MGB - the car that changed automobile history

John Thornley OBE
John Thornley’s first MG was an M-Type he bought in 1930, and soon after he met with two other enthusiasts and they formed the MG Car Club. At the time he was an accountant in London, but he then persuaded Cecil Kimber to give him an office at the MG Factory to run the fledgling Club and he moved to Abingdon. But another part of the job at MG was assistant to the service manager, John Temple, who was shortly afterwards appointed competitions manager following which John inherited the Service Manager’s position. During the war John served the army and attained the rank of Lt. Colonel and on returning to Abingdon in 1945 he became Sales and Service Manager for MG.
In 1952 he was appointed General Manager He was clearly a plain speaking enthusiast who battled against the corporate hierarchy of BMC and later BL. He handpicked his staff and encouraged them them with his sense of humour and as a team they achieved so much at Abingdon that no other small auto factory could ever have dreamed of. Known as "Mr MG" he envisaged the MGB and saw into production. Subsequently the MGB GT was designed and built, a car John calle the “poor man’s E-Type”.

During his time as head of the company, the MG Factory became the World’s largest producer of sports cars with 80% of MGB production heading for the USA.
In retirement, Thornley retained a great interest in MG and the MG Car Club. His book "Maintaining The Breed: The Saga of MG Racing Cars" is well worth tracking down a copy so you can read it. The book focuses mainly on MG competition history but also covers how competition developments fed back into the production cars. There is also a biography of John Thornley, written by his son Peter Thornley, titled simply "Mr. MG"
John Thornley passed away in 1994 and has been much missed. At that time the RV8 production run at Cowley was well underway.
See an interview with John Thornley

MGB - the car that changed automobile history
The video runs for 54 minutes and is a wonderful look back at the time when the MGB was in production with fascinating comments from John Thornley and Don Hayter, the sad closure of the MG Plant and then the emergence of the Heritage Body Plant at Faringdon with details of how David Bishop tracked down the moulds and equipment to enable the plant to make MGB bodies and then play a major part, with John Yea, in the development of the RV8 and the production of the RV8 bodies and parts.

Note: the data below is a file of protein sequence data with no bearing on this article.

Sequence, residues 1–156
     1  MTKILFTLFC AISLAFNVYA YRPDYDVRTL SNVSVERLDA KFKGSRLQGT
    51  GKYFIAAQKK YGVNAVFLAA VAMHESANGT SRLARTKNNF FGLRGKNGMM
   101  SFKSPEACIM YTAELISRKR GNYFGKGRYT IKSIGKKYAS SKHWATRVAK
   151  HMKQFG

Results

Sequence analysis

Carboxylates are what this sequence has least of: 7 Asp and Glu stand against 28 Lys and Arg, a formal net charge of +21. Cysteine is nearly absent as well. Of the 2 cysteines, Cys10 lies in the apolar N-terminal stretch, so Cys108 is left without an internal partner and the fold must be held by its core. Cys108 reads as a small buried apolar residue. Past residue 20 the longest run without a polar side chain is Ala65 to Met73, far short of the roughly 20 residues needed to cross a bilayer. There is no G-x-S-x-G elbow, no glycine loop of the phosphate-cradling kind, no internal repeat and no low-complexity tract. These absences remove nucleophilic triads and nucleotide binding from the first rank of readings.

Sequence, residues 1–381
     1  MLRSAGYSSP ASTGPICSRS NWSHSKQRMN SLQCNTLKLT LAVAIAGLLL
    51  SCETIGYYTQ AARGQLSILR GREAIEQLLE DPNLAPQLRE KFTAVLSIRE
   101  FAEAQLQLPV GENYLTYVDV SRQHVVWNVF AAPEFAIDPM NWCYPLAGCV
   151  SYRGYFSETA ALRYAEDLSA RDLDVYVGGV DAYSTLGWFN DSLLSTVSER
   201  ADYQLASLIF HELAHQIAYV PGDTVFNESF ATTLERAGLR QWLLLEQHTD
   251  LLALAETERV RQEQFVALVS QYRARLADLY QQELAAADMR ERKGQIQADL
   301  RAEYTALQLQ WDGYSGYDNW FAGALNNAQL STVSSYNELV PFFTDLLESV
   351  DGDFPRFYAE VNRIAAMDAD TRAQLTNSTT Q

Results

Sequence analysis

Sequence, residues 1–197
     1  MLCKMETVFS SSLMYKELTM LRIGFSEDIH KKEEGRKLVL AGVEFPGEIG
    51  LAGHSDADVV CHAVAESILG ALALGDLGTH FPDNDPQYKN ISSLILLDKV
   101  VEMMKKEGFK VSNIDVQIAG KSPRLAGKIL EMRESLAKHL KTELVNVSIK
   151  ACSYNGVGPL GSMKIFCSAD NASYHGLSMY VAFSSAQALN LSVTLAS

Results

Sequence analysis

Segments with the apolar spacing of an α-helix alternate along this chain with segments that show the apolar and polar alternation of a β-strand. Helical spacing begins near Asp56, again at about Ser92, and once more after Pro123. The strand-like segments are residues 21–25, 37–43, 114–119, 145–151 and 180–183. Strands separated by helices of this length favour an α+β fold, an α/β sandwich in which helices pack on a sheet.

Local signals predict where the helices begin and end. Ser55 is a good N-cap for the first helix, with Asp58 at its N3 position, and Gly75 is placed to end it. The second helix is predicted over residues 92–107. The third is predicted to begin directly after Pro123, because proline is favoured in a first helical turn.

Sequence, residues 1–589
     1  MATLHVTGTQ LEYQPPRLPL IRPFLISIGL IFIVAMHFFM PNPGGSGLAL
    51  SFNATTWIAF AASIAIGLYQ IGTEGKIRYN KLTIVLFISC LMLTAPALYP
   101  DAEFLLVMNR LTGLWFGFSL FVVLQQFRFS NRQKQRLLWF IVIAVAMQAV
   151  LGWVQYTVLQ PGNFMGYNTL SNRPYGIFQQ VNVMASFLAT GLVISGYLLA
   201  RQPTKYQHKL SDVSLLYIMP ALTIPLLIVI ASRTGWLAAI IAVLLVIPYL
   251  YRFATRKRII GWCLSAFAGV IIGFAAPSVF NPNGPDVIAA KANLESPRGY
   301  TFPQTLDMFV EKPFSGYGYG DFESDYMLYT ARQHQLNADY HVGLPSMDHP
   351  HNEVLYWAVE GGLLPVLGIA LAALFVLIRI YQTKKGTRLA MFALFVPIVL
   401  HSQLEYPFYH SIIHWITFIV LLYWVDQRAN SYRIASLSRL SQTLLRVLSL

See the video on Abingdon

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John Thornley - his first MG was an M-Type in 1930 and soon after he formed the MG Car Club with two other members. As General Manager of MG, the company became the World’s largest producer of sports cars.

MGB Roadster - the British sports car which changed automobile history in both production numbers and popularity with enthusiasts around the World, with some 80% of production going to the USA.

Don Hayter joined the design office at MG in 1956 at a time when the MG Factory was producing MGAs. He was closely involved in the MGB as Design Engineer, and later the MGBGTV8, until August 1979 when the plant finally closed.

MGB Roadster was developed by the MG team - a design which has a timeless quality and attraction for sports car enthusiasts.

MGB Roadster - Don Hayter mentions in the video how the rear end had to be extended to enable the spare wheel to lie flat in the boot which involved him in considerable reprofiling work - but the result was good.

MGBGT followed the MGB Roadster and was the car John Thornley called the "poor man's E-Type". It is still today a very attractive car.

MGBGTV8 - following BL approval to develop and produce a V8 powered MGBGT in Autumn 1972, the MG Plant moved rapidly so the model was launched at the Earls Court motor show in August 1973. With BL supplying only 48 V8 engines a week it was a constraint on production.

British Motor Heritage body plant was originally at Faringdon but was later moved from Faringdon to Witney where it continues to provide good quality bodyshells, panels and parts for MGB restorations and rebuilds.

David Bishop, former Executive Director of British Motor Heritage who tracked down the moulds and equipment to enable the plant to make MGB bodies and panels.

RV8 seen at a motor show in 1992 and launched in 1993 which has become a very popular V8 powered MG with a luxury trim and driver comforts.